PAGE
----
Medical education in India has been one of the most debated topics in healthcare fraternity. There is always an universal agreement that the stereotypical methods of teaching and learning should go away and reforms should take place. Where do we stand in making the reforms? Read on to discover By Sharmila Das, ENN.
India has the largest number of medical colleges in the world. The number stands at more than 350, still quality healthcare is a daydream for most part of the country.A few experts say it is because of the inadequate number of medical and paramedic staffs, healthcare is not reaching to all. The medical colleges of the country are too facing challenges of lengthy accreditation procedure;un-updated curriculum etc and these challenges are making the medical colleges of the country ineffective in producing skilled and adequate number of medical staffs.
Dr K K Aggarwal, MD, Padmashri & Dr B C Roy National Awardee,Sr Physician & Cardiologist,Board of Medical Education Moolchand Medcity, President Heart Care Foundation of India, Chairman Ethics Committee Delhi Medical Council & National Vice President Elect Indian Medical Association says, I feel there should be a centralised entrance exam. NEERT should be implemented in its spirit. The accreditation process should be independent with no government control.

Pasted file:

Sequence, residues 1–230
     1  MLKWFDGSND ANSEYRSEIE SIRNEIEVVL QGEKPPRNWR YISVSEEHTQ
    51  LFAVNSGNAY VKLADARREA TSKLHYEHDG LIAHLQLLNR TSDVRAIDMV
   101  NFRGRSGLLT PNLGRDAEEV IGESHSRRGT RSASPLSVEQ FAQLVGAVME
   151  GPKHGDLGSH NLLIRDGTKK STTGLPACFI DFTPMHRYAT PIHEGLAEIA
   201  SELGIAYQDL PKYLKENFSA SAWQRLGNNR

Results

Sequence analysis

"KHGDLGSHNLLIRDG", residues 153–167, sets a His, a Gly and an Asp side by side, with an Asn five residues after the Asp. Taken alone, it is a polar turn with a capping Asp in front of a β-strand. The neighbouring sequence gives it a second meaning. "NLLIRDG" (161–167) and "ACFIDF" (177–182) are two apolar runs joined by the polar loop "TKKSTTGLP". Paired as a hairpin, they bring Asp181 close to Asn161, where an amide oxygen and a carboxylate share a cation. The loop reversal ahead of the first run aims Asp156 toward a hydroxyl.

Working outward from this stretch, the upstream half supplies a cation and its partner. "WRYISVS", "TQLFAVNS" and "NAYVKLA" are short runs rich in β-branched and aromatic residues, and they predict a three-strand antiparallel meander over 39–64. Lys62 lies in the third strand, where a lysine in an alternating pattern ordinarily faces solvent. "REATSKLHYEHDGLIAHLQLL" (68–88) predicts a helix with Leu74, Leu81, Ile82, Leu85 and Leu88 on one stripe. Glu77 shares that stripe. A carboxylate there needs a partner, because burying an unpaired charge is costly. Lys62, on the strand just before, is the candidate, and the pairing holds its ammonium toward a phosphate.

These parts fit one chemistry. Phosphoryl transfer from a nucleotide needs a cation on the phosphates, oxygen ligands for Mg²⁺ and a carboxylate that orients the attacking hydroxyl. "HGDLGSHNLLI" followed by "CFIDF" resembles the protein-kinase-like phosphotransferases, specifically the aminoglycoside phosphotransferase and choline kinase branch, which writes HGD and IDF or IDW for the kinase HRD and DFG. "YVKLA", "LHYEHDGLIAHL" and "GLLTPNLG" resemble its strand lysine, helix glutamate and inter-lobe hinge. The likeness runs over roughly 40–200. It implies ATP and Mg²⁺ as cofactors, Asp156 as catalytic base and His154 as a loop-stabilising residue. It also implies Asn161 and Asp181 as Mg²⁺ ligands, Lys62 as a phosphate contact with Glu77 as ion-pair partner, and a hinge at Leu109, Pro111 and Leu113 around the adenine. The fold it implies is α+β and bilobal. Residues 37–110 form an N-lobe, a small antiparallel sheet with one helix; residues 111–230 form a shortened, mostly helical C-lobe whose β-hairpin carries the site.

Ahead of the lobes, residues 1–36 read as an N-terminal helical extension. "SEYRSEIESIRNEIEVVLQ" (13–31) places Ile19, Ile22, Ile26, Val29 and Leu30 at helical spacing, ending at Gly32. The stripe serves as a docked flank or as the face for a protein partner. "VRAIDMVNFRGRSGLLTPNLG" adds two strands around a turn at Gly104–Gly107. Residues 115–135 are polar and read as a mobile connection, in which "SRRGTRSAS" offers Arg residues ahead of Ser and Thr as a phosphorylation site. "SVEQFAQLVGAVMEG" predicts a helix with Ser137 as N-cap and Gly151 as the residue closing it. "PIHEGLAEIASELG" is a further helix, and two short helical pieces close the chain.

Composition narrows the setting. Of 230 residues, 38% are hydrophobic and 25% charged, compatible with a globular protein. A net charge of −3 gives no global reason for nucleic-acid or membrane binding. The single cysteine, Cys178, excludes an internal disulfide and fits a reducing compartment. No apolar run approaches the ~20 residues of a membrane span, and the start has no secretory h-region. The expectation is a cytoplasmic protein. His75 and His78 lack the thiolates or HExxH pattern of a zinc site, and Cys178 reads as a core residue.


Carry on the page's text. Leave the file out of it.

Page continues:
Dr V Balasubramanyam, President:Bangalore Chapter of Indian Association for Medical Informatics,Professor, Dept of Anatomy, St Johns Medical College says, We have moved from classroom didactic teaching to interactive distance learning and online learning.
Dr Vivek A Saoji, Dean and Principal, Bharati Vidyapeeth University Medical College, Pune says, To ensure quality of medical education accreditation should be made mandatory to all medical colleges and health science universities. It however has to be done by an autonomous body and should be free of government control.
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